Comparing health plans. (Medicare or otherwise.)
Advice and reference info from members. (Updated Mar 21, 2022.) Comments: firstname.lastname@example.org
Join the HPAA's Benefits Group Covers topics such as COBRA and retiree health benefits, annual enrollment, and transition to Medicare.
Heads up! When considering health plans, compare the details.
Health plans provided through employers to retirees and current employees are "group" plans that have been customized for the specific employer.
- Group plans can be much more expensive than similar standard plans purchased on the highly-competitive open market.
- For group plans, "Premiums reflect the underlying cost of care across the HP [or HPE] retiree population." Why HP group plan costs are going up. hpalumni.org/health-cost
- For open-market plans, "Premiums are based on the competitive market. They reflect the underlying cost of care across all the members of a particular insurer." --2022 HPInc Enrollment Guide
- Some members have found that HP or HPE group plans provide better coverage for their specific situation than individual plans -- for example, coverage of dependents, pre-existing conditions, or medications.
- Group plans and standard plans with similar names from the same carrier may have very different coverage features.
- With Medicare plans, even though there are government specifications for open-market Advantage and Supplemental plans, employer plans do not have to match those specifications.
From our discussions on the HPAA Benefits Group, of the many factors involved in selecting a health plan, there are several key issues:
- Whether the plan has an annual out-of-pocket maximum or a lifetime cap. You could get wiped out financially by a major health issue.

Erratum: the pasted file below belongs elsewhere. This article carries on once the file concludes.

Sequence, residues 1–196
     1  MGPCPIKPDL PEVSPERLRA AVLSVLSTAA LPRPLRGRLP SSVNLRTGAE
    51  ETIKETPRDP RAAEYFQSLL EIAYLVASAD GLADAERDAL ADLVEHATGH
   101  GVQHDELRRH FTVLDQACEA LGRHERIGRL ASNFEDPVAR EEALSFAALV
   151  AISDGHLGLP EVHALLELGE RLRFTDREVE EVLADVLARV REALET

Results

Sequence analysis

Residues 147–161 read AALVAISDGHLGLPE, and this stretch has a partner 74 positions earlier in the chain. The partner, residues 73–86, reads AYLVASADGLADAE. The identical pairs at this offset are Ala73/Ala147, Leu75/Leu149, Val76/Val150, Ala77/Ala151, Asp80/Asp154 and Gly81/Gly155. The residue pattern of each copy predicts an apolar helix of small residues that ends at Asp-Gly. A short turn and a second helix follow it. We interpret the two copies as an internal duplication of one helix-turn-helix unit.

- If you have pre-existing conditions.
- What medications you currently take. Can make a huge difference in your cost via co-pays.
- Other co-pays. For example, the co-pay for hospital stays can vary from zero to hundreds per day.
- Whether your current doctors -- and the hospitals and specialists they use (such as anesthesiologists) -- accept each plan. ("In-network" vs. "out-of-network.")
- How coverage works if you are traveling, if you spend time at a child's home, or if you have two homes.
- Dependent coverage.
"For Part D plans, do your research on Medicare --
https://www.medicare.gov/plan-compare/ -- and on the web sites of
the plans that interest you. Always generate a drug cost for the
pharmacy that you prefer to use. Take Aon's drug costs with a grain of
salt. If they happen to agree with Medicare and the plan, then trust
them. Otherwise, ignore them."
"Don’t throw out the baby with the bath water. HP’s Humana Gold Advantage program in Colorado is great and no additional charge."
"I'm insuring my college age son. He's on UHC PPO 650 which is a much better insurance than what is available with 'Affordable' Health Care insurance. Once he graduates and is on his own, I'll go to either AARP/UHC, Aon/UHC or the open market. The HP group insurance isn't competitive for those on Medicare but again, in my case I have to insure a dependent who is not of Medicare age."
"Just make sure you are comparing apples to apples."
Comparing individual plans on the official Medicare
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